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“Weaving is the medium for me to discover the depth of myself. By being here, I’m weaving myself back to my true life. I was born into this. My mother excelled at weaving and it was always a part of my life, like breathing. But I took it for granted.”
“I didn’t realise how much this was part of our survival. Weaving has literally made up the fabric of the social, economic and spiritual development of our people. Now I’m seeing the value on every level. I believed my culture wasn’t of value. My parents believed our culture wasn’t of value. Studying here is enabling me to reclaim the essence of myself and our culture.”
“This course is still new and I saw a toi exhibition at a Ngapuhi Festival. Someone handed me a brochure and I saw the beautiful patterns that the people from the course here had created. Our stories are woven through visual arts and pattern, so pattern enables our culture to survive.”
“Something of my spirit woke up that day – just like the name of the hymn ‘E Oho Te Wairua. Wake Up Your Spirit.’ I had an innate knowing to explore this for myself. The best part of the course is us coming together as students with a vision to succeed. We’re all willing to put something of ourselves and our money at risk to be here and to support each other to complete our journeys.”
“We’re blessed with really good tutors. Just like with harakeke, we have to strip ourselves back to get to the purity of our fibre. This is a place you can weave something and emerge with a vessel to hold yourself in the world. It reveals the power of love and the power of unity.”
“The biggest challenge for me here, is the research into the past. Looking at the legislation and the way we were colonised is not for the faint hearted. It has resulted in deep unacknowledged trauma. The arts have always given life and sustainability to our culture and I feel that taking this course is a healing therapy. We can re-find our sovereignty here.”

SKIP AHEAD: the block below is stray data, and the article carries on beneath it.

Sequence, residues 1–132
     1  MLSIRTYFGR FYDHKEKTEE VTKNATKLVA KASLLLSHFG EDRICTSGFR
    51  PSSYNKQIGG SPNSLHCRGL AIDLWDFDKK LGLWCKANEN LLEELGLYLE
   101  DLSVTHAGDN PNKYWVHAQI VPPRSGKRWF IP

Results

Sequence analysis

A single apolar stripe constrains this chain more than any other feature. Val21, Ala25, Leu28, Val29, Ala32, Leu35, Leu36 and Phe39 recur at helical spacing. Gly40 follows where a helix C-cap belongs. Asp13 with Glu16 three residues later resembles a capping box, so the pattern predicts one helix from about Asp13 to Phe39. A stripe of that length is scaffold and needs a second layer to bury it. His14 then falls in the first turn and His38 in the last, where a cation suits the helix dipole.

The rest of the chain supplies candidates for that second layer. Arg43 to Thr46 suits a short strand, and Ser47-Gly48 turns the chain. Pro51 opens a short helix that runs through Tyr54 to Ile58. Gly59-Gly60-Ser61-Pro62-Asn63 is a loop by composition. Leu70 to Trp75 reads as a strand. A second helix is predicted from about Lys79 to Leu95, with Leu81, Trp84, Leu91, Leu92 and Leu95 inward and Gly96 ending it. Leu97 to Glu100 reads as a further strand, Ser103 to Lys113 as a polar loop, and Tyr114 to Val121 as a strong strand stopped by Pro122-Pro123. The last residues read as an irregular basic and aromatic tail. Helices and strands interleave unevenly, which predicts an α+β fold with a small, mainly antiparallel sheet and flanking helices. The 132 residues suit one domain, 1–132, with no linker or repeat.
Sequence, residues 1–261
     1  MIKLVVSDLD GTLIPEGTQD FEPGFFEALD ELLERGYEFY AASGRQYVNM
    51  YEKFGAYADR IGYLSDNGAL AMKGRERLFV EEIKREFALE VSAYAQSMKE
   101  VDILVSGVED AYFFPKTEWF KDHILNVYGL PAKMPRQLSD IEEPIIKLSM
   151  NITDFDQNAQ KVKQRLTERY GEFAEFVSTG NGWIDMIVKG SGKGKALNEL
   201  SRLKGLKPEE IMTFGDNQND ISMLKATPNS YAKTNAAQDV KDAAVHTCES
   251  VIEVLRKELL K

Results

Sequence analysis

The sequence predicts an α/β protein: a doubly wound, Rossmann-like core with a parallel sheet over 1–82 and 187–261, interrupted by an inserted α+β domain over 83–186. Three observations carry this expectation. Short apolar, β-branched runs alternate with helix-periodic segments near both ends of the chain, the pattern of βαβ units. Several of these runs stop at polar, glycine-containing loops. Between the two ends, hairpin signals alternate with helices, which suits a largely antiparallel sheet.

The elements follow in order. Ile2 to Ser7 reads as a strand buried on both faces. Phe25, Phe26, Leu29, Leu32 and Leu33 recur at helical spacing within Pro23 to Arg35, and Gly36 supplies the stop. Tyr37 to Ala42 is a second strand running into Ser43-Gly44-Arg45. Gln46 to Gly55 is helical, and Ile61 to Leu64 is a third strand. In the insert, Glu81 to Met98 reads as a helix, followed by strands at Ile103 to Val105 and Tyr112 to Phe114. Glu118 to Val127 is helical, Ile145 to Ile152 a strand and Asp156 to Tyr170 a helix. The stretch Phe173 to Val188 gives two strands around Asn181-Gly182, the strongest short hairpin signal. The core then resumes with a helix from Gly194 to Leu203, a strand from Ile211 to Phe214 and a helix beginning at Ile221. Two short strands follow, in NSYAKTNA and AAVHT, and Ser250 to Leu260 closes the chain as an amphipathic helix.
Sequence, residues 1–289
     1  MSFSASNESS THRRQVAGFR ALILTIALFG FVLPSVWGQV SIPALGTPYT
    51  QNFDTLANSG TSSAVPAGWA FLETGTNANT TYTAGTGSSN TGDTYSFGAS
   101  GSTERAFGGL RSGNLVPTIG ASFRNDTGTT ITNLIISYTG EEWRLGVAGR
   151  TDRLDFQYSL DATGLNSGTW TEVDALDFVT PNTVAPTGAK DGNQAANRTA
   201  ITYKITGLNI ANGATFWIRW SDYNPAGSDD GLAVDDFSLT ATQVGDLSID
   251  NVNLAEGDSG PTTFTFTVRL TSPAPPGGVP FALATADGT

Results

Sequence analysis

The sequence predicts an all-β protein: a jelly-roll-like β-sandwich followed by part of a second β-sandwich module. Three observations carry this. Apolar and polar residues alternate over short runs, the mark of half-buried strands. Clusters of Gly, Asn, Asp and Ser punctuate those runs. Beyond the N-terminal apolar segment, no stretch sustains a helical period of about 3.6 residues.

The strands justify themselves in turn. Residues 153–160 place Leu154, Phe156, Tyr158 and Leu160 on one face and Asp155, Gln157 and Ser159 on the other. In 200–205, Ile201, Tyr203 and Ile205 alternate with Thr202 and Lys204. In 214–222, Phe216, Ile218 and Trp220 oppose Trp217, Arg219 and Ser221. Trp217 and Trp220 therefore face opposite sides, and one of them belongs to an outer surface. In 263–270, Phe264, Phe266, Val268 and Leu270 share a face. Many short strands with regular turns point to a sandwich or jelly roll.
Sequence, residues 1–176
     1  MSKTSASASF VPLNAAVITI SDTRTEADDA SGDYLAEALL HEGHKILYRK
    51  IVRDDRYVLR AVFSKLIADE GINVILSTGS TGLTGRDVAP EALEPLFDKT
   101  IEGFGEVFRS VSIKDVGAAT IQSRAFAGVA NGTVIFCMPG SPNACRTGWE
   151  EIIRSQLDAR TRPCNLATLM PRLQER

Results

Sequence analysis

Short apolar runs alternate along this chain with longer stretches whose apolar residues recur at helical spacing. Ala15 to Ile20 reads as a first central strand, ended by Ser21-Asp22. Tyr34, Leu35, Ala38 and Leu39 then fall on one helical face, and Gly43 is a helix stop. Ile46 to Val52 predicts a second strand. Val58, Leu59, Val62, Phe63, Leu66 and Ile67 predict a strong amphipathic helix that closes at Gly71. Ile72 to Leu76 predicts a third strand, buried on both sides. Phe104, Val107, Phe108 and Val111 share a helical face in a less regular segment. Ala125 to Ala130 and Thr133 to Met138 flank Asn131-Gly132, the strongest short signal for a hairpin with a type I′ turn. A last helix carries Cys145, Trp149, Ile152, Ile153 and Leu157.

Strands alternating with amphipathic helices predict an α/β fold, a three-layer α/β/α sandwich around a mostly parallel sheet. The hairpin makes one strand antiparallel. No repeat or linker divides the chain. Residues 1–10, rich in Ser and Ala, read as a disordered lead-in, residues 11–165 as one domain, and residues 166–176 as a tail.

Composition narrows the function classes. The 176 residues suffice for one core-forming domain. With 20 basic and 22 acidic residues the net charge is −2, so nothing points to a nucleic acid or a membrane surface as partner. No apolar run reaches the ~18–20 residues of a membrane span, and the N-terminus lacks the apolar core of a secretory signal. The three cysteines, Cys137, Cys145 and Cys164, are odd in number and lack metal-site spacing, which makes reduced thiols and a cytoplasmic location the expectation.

“Studying here makes me want to get steeped in the history of our country, and go on to do a doctorate thesis so I can let the future know what’s possible. My dream is to be healing people from intergenerational cultural trauma.”
I’m a first time weaver but I’ve always been drawn to the materials. Harvesting and working with the mix of materials...
The raranga course at NorthTec built Carolyn’s knowledge and expanded her involvement in her community and the weaving process. Of particular value was the requirement that students go out and teach raranga.
“Within the course we had to go out and teach someone. I went to the Kura in Kaikohe. Since graduating I have been going out and doing wānanga and workshops, and teaching the children. I help when uniforms are needed too.
“I began the course as a first-time weaver, but have always been drawn to the materials. They are a part of nature. Harvesting and working with the materials helps with our inner and outer balance. I’ve always acknowledged Mother Nature when I’m harvesting anything and just naturally say a karakia. The course deepened and broadened that process.
“The course system of learning was very effective from harvest to the point of making, and gave me the opportunity to learn all these processes in depth, it has been very beneficial.”
Carolyn is realising her goal to combine teaching with a raranga workshop at home.